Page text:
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Small-Scale Fisheries Governance in Norway: Hierarchy, Institutions and Markets

  • Jahn Petter JohnsenEmail author
Chapter
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Part of the MARE Publication Series book series (MARE, volume 23)

Abstract

Small-scale fisheries are highly relevant in Norway. Until 1989, small-scale fisheries were open access and, like other Norwegian fisheries, subsidised; since then they have changed radically. The closure of major fisheries in the early 1990s, following collapses in important stocks and the removal of direct subsidies, has affected fisheries of all sizes. Societal changes have also had an impact on Norwegian small-scale fisheries. There have been changes to the welfare state and the adoption of strategies designed to make the fishing industry ecologically and economically sustainable. These have contributed to new developments in fishing technology and practices and altered the social organisation of fisheries. Although Norwegian fisheries’ policy has focused on the structural adaptation of the fishing fleet and economic efficiency, it has also attempted to protect the small-scale fishing fleet, originally defined as vessels under 11 m in length. This has meant that the national fisheries’ policy framework, though focusing on sustainability and profitability, has allowed small-scale fishing to survive both as a part-time activity and a full-time profession, and ensured its full integration into the fishing industry. This chapter presents the background to this situation and describes important drivers behind these changes in Norwegian small-scale fisheries and concludes with some lessons that can be learnt from developments in Norway.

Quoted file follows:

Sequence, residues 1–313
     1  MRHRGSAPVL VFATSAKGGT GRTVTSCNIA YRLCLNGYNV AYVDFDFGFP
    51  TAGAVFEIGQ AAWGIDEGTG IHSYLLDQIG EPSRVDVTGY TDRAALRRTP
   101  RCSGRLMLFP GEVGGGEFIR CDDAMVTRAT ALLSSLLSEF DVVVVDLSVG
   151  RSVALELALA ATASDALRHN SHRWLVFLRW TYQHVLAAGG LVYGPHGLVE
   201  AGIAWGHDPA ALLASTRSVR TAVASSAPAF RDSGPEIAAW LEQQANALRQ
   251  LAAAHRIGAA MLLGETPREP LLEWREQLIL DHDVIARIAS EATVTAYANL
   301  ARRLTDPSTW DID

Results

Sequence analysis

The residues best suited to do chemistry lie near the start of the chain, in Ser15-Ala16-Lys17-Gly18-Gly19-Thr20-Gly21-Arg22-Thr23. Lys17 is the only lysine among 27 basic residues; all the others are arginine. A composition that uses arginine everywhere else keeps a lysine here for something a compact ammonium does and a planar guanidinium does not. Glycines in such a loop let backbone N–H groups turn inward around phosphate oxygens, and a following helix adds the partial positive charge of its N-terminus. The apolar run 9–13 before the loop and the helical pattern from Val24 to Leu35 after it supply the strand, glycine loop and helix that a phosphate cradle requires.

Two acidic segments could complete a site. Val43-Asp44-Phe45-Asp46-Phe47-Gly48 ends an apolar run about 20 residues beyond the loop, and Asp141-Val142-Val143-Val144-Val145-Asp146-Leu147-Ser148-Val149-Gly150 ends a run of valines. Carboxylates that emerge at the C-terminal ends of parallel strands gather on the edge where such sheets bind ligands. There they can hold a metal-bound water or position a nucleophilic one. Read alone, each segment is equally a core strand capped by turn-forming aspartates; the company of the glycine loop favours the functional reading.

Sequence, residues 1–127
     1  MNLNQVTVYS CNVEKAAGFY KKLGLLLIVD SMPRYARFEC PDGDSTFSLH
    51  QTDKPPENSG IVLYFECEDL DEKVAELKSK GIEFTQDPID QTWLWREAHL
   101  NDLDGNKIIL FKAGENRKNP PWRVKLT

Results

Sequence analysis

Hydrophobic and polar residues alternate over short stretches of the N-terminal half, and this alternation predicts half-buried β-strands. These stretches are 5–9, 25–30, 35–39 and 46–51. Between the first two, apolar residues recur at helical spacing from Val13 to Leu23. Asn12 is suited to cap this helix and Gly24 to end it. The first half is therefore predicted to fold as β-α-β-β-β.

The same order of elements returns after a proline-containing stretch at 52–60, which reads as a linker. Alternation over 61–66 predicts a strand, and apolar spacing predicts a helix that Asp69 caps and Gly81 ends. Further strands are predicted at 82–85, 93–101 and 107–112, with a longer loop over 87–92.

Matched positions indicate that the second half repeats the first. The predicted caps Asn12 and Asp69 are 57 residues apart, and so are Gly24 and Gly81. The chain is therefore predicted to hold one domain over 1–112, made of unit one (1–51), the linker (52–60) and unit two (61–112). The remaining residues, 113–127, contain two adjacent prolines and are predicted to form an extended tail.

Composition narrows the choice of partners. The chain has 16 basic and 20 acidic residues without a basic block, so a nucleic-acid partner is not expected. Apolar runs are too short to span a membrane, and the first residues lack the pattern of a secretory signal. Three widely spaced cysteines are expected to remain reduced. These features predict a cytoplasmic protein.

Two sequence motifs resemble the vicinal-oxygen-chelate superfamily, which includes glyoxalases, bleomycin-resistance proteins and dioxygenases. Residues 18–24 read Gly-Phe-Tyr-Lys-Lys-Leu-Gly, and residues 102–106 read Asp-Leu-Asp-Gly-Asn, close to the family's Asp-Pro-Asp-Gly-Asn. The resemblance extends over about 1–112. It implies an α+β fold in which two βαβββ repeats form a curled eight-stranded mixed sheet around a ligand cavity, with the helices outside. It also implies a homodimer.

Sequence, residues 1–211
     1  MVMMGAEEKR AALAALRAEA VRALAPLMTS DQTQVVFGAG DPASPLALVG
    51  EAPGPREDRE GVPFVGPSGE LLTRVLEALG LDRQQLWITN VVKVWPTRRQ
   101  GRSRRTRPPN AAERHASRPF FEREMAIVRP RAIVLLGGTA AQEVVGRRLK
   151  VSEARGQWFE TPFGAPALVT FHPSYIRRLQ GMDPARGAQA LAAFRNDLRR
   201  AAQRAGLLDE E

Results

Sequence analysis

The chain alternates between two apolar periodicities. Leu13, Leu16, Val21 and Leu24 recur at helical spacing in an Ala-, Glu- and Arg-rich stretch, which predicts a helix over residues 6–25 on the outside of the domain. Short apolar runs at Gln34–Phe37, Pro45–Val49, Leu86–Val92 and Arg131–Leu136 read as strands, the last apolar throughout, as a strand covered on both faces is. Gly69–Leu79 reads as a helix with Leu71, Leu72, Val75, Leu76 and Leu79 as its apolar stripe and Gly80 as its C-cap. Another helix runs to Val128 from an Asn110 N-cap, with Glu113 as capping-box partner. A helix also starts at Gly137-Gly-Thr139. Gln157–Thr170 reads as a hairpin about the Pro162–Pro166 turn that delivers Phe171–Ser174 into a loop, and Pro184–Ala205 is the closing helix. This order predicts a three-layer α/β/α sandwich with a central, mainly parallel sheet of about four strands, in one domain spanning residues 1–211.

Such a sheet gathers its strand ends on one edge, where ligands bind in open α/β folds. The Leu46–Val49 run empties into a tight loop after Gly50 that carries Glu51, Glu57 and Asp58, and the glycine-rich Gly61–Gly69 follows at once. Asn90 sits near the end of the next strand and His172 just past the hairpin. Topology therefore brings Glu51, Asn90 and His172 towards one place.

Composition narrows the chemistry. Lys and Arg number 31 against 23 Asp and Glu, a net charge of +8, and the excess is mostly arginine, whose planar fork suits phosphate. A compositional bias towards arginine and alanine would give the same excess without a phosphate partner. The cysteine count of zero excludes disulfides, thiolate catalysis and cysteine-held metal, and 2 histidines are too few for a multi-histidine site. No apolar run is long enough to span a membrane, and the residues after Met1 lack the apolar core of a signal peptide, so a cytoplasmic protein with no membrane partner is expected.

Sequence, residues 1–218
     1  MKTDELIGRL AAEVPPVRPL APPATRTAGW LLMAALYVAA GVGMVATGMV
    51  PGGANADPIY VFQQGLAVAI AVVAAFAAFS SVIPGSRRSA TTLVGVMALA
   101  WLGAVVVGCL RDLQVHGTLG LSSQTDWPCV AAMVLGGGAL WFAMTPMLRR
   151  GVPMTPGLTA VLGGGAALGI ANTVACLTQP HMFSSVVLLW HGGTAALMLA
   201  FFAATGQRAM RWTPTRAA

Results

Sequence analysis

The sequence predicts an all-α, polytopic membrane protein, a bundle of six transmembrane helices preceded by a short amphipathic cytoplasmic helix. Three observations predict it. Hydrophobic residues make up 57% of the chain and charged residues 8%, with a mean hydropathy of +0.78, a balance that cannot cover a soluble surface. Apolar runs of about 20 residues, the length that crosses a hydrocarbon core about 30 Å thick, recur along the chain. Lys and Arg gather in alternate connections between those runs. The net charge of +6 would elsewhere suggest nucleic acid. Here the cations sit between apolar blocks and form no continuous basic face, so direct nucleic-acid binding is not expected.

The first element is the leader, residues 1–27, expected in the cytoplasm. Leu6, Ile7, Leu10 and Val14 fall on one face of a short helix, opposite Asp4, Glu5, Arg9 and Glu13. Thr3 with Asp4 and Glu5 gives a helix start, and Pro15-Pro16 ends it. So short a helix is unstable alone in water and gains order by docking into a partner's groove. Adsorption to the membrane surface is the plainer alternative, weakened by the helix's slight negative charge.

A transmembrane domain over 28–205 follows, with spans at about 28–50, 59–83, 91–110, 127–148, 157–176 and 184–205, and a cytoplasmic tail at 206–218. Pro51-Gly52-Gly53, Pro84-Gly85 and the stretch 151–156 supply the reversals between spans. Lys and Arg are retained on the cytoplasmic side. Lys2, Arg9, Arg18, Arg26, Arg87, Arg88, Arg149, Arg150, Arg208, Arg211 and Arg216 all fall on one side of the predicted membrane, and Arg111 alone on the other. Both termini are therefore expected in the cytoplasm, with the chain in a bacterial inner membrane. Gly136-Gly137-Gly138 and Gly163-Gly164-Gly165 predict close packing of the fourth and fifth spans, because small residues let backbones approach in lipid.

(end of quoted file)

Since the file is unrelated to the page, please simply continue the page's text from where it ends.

Keywords

Norway Small-scale fisheries Governance Institutions Mandated Sales Organisations 

Notes

Acknowledgement

I thank the skipper who allowed me to go to sea with him, answered my many questions and allowed me to record and take pictures for use in research and teaching. Grants from the Norwegian College of Fishery Science and the Norwegian Research Council project nr. 267566) made it possible to finish the chapter during my sabbatical in 2016/17. Thanks also to Dr. Nadine Marshall and the Commonwealth Scientific and Industrial Research Organisation (CSIRO) in Townsville, Australia and Professor Barbara Neis and the Memorial University of Newfoundland who provided me with work space and technical support during my sabbatical. Finally, I thank the anonymous reviewers and editors for their comments and Proof-Reading-Services for copyediting.

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Copyright information

© Springer Nature Switzerland AG 2020

Authors and Affiliations

  1. 1.Norwegian College of Fishery ScienceUiT- the Arctic University of NorwayTromsøNorway

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